If you are coming to Tulum from any point along the Riviera Maya, do not join an organised tour or waste money in a private taxi. Stand by the edge of the road and wait for a colectivo to stop and pick you up. Colectivos are minivans (11 or 14 seats) that provide transportation along the main road. They can let you down whereever you want. just tll the driver that you are headed for the ruins.
In 2006 a colectivo from Playa del Carmen to Tulum was 25 pesos.
It is a very easy drive on the highway from Playa del Carmen to Tulum but if you are combining Tulum and Xelha there really is no benefit to renting a car as colectivos run all day long so you never have to wait all that long.
If you do decide to drive, familarize yourself with the rules of the road, a quick read through any guide book should be sufficient and check the car for dents and dings before you drive off and make sure they are marked on your rental contract.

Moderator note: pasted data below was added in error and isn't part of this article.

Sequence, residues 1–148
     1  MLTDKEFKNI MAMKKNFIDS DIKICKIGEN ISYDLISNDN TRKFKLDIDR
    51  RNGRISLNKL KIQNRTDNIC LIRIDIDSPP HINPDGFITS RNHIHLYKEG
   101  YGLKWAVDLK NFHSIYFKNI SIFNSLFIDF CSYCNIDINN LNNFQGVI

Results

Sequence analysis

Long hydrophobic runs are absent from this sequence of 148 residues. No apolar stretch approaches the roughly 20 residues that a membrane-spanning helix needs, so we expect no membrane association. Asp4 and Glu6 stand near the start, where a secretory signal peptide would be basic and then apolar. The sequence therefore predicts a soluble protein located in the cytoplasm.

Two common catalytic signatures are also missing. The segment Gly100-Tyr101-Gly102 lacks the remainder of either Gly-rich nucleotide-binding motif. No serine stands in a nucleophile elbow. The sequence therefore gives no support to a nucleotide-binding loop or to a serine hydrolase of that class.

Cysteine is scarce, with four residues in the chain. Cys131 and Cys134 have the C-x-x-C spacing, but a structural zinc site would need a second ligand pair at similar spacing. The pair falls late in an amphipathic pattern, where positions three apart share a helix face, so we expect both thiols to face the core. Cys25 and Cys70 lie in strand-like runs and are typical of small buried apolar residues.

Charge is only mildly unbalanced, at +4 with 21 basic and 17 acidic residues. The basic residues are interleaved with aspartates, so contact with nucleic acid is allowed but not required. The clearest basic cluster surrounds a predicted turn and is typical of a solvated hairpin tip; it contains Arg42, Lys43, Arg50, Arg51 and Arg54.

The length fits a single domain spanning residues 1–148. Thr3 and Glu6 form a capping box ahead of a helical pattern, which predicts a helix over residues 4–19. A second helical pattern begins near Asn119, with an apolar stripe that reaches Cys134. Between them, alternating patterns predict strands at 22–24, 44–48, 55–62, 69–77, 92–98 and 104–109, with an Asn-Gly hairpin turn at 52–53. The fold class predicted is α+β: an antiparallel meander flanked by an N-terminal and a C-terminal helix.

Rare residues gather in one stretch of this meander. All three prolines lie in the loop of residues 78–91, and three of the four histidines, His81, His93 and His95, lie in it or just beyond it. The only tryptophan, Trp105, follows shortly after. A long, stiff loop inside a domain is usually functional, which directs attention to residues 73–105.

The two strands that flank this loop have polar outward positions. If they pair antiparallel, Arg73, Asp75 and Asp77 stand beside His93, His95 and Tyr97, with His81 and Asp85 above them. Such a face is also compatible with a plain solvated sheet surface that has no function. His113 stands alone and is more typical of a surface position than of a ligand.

Chances are if you rent you will get one of these stylish white classic VW bugs made like they used to in the US :-)
You should rent a car to get to Tulum. It's the easiest way to get around. Cabs are 3.50 each way if you're going to the beach, but a car allows more freedom. Don't put more than 5 people in your car. You WILL get pulled over by the police.
If you want to go to Xel Ha or teh ruins of Tulum don´t take a Taxi (or you don´t have to rent a bike in the sun) - you can just go to the main street and wait for those little vans (Kolektivo) and they will bring you to the ruins for 10 pesos and to Xel Ha for 15 pesos and the thing is that you always pay 30 pesos to get from the beach hotel area to downtown by taxi...
they usually start at the bus station but they´ll pick you up everywhere if they still have space - and there are a lot of them driving around.
And also the way back in the afternoon (from Xel Ha) was no problem.
Ask for the "combis" (vans) terminal in Playa del Carmen. These take you to the ruins for $2.50, you just have to tell the driver to drop you off at the ruins, most of them speak english since many tourists take these vans which are by the way very confortable. They leave every five to ten minutes, and make a few stops on the way, but nothing to be stressed about.
On the way back since you will probably be tired you can take a taxi from Las Cabañas to the main road and take the van back to Playa del Carmen, which is by the way a best place to stay rather than Cancun.